Sunday, June 3
Every day has the same schedule with four sessions, two breaks, and lunch.
- AM1: 8:00-10:00am
- AM2: 10:15-12:30pm
- PM1: 1:30-3:00pm
- PM2: 3:15-5:00pm
Physics has a long morning and a short afternoon, which suits us all very, very well. There are three other exams being graded at this site right now (European History, Computer Science, and Calculus), so all meals and breaks are staggered for crowd relief purposes. Start and stop times are sacred. When it’s time to start, you damn well better be in your seat and ready to go. When it’s time to stop, wherever you are, you put down your pencil and walk away. There’s one reader who is also a yoga instructor, and she’s been doing Hallway Yoga during breaks to help stretch you out after sitting for so long. The first few years I was too anxious to join, but last year my back started acting up, so I went for it. It is seriously the best thing ever and feels so amazing.
Each session starts with general announcements and any question-specific reminders about the rubric we are using to improve consistency over time. These first two days, every single test is back-read, which means you grade a folder and then give it to your table leader to be graded again as a double-check. This ensures as fair and consistent a grading process as possible for all students even though many different people grade each question. Not every single test is back-read all week, but all of them that are graded in the first few days are to align everyone’s process early. Once we’re all able to make good judgement calls, the back-reading goes down to a spot-check. When errors are that infrequent, random spot checking does as good a job (and sometimes better!) as checking each one individual at a significantly lower time-cost. Thanks, statistics!
After announcements we get back to work. If we were in the middle of a folder, we start back up. If we just finished one the end of the last session, we go get a new one. All the tests are in folders and all the folders are in boxes, and there is a HUGE team of support staff who ferries around all the boxes from room to room, checks the scoring sheets for bubbling errors, makes sure everything is still in order, and generally keeps us all organized and in line so we can focus on grading. As with most administrative positions, without these folks, we’d be hosed. When they find my mistakes, I make sure to always thank them for the double check and let them know I appreciate the help. It’s usually something like writing a number in and either forgetting to bubble in next to it or bubbling in a different number.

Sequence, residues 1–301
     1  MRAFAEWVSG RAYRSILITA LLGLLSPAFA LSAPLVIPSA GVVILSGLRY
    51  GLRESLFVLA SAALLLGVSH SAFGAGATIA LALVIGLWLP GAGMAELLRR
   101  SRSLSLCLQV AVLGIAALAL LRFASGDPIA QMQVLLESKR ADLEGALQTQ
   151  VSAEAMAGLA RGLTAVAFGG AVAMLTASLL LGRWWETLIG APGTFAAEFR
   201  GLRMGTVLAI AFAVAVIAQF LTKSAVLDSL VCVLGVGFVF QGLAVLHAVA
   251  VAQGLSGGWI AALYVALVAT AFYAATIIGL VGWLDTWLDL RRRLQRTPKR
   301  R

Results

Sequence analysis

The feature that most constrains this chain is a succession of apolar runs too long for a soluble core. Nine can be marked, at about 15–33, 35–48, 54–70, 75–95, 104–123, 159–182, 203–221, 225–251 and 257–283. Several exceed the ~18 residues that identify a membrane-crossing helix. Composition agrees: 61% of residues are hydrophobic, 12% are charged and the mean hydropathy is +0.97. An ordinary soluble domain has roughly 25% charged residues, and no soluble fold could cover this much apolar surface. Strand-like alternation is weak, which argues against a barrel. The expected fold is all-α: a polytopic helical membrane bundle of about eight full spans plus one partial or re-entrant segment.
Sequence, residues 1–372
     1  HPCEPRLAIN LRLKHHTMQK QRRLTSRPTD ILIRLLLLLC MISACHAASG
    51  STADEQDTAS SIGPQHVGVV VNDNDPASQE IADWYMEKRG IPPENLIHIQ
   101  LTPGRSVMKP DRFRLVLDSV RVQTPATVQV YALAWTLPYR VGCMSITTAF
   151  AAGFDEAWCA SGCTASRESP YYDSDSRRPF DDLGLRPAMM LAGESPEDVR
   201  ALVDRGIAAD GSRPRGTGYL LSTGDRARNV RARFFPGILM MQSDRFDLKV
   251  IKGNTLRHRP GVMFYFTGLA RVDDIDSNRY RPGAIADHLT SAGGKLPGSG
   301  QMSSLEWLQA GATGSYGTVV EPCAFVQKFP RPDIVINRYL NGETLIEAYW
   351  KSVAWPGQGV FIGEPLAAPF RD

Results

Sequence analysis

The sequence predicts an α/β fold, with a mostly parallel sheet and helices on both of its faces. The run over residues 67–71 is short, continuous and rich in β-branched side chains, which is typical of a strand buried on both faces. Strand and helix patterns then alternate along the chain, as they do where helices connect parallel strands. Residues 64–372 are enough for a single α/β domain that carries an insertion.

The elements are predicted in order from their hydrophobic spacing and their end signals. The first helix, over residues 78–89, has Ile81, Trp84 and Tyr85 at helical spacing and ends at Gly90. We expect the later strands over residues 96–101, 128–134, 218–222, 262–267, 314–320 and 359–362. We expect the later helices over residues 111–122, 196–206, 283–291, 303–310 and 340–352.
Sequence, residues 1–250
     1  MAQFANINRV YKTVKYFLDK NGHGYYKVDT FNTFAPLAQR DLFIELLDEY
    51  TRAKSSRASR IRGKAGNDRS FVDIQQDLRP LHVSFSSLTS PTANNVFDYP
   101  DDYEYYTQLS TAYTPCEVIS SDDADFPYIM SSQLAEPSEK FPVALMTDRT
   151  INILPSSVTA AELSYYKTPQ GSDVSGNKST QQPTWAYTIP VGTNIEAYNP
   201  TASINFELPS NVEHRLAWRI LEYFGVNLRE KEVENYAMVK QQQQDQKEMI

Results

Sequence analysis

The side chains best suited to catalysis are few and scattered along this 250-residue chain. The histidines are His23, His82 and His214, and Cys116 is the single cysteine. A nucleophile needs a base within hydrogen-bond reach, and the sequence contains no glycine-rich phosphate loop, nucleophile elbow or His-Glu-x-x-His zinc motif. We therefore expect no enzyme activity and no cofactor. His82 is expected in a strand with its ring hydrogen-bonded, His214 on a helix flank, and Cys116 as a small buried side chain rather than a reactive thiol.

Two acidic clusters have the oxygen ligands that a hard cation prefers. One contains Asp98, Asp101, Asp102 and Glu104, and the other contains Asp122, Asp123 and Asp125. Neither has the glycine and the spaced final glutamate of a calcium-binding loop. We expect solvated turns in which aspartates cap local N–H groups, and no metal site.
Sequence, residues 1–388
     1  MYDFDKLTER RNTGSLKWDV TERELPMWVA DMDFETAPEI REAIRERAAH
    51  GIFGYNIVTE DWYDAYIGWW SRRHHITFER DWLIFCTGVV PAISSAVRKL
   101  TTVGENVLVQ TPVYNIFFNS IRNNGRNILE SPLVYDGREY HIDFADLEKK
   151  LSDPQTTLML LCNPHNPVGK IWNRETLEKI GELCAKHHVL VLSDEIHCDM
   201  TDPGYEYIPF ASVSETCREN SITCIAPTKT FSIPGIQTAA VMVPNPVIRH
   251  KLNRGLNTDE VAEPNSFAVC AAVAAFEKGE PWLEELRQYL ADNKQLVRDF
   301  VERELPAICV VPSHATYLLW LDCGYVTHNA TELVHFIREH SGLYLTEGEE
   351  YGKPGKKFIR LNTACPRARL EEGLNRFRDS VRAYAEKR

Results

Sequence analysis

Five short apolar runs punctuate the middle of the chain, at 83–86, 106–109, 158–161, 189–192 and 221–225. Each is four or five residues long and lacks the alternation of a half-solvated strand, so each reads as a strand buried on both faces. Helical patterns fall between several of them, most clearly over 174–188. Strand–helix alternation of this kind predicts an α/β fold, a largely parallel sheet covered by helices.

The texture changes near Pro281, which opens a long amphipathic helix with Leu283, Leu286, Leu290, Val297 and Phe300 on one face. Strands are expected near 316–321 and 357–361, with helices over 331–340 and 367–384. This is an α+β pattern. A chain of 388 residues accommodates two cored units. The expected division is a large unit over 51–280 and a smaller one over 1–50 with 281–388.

So, once I have a folder in front of me, I have to indicate that I am the responsible person for this question on these exams by writing my reader number and name in a few different places. Then I flop open the top test booklet to page 11 and get to scoring. Once done, you give the completed folder to the table leader for back-reading, mark a tally on the tally sheet, and go snag another folder. Then you do that for the entire session. It’s not an easy job. At all. But it’s really cool and you learn a lot about how students process information and communicate their version of physics. You see the same mistakes over and over and over again and get insight into novice thinking. THEN you know to make adjustments to your curriculum to address that directly. There’s a reason I’m coming back for my fourth year. It’s 100% worth it. In the most selfish way possible.
The actual being a cog in the machine of a standardized testing giant? I have some major personal conflicts about that business. I’m also not alone in that as an AP Reader. I’ve had more than one conversation on that topic in the last four years. I’ll write more on that tomorrow. Tonight? I’m going to go see Solo at the Alamo Drafthouse Cinema where you sit in a super comfy chair and literally get waited on during the movie. After that, I’ll probably head to the Physics Lounge that is literally a room full of nerds being nerds at each other late into the evening WITH SNACKS PROVIDED. The actual reading of the exams? Exhausting. Grueling. Challenging. Kinda sucks. Everything else about this week? Badass!